Confession 3:  From the start of my work at CEVI, Christianity was everywhere and I was comfortable (and having fun too).

Christianity underpins the work of CEVI’s employees and the provision of its microfinance products and services.  For example, its core values are:

WE FOLLOW JESUS CHRIST


“But Remember the Lord your God for it is He who gives you the ability to produce wealth, and so confirm this covenant which He swore to your forefathers, as it is today” (Deuteronomy 8:18)

WE ARE COMMITTED SERVANTS


“Do not love sleep or you will grow poor; stay awake and you will have food to share” (Proverbs 20:13)

WE ARE FAMILY CENTERED


“A man should provide for his family” (1 Timothy 5:8)

WE ARE STEWARDS


“Men are only stewards of God’s resources who are expected to face the master on the day of the reckoning” (Luke 19:11-12)

WE ARE PRODUCTIVE


“Hard work brings profity, but mere talk leads only to poverty” (Proverbs 14:23)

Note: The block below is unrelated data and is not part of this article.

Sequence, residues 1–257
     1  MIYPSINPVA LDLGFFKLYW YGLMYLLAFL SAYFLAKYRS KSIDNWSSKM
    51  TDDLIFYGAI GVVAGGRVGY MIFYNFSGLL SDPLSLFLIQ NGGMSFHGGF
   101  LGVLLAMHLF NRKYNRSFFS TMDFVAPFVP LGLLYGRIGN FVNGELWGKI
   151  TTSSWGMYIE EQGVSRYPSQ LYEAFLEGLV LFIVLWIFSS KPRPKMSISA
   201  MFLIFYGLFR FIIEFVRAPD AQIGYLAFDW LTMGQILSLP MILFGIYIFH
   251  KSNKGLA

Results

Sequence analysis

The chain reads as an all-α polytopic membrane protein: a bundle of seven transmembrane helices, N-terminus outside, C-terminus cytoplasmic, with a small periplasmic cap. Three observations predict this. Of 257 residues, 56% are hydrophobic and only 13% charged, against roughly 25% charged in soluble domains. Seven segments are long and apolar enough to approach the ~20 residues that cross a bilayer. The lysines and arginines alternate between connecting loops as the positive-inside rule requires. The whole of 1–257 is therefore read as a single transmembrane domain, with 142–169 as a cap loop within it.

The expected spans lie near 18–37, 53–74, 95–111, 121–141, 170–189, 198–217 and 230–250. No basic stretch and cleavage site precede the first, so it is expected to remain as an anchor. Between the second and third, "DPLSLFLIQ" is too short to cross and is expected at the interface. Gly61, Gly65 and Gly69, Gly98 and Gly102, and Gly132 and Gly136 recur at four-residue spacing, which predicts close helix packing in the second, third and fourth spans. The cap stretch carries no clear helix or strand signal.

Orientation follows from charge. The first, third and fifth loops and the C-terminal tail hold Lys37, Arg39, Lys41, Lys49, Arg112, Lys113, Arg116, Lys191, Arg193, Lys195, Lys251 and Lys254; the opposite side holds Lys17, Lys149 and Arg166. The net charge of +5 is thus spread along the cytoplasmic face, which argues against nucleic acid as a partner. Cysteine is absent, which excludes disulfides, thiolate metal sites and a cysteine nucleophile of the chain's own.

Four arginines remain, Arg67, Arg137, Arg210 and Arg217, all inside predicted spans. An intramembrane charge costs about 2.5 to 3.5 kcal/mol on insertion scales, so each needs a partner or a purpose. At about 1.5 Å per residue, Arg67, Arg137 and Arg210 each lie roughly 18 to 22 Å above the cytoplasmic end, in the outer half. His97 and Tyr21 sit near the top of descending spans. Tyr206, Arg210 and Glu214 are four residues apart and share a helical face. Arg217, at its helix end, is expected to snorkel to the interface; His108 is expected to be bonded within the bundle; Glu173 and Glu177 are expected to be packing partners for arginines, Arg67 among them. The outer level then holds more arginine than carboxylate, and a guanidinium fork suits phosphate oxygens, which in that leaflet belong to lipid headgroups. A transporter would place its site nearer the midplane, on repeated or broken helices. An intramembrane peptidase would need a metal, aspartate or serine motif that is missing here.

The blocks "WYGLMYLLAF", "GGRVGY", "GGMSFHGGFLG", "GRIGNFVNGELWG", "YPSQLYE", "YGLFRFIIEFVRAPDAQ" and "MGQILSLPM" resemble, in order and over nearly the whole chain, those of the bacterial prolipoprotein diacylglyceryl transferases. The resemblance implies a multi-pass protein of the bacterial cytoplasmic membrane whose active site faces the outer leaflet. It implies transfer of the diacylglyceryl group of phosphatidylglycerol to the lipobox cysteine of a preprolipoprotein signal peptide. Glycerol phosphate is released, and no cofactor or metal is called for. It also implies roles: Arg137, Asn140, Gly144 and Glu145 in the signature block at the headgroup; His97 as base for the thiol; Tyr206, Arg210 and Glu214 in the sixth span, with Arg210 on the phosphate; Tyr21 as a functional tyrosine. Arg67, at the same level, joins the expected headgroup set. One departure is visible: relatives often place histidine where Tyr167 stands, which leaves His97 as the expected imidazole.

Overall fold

Each weekday morning around 9am, the various departments at CEVI gather for devotional, which lasts about 45 minutes.  Here’s the agenda:

  1. We sing a Christian song (or two).  My favorite is “I Give You My Heart”.  Most often, someone from the office accompanies the song with an acoustic guitar.
  2. A designated staff member reads a passage from the Bible, and then delivers an inspirational message that relates to such passage.  The message often includes personal stories or references to pop culture.
  3. We create a list of prayer requests, which range from praying for the safe travel of staff members to the successful surgery for a friend of mine from New York.
  4. We sing another Christian song.
  5. We pray silently for the items on the prayer requests list, and then a staff member closes the devotional with another prayer, giving thanks for the day ahead of us.

One-stop shopping for religious icons and supplies in Compostella, Cebu.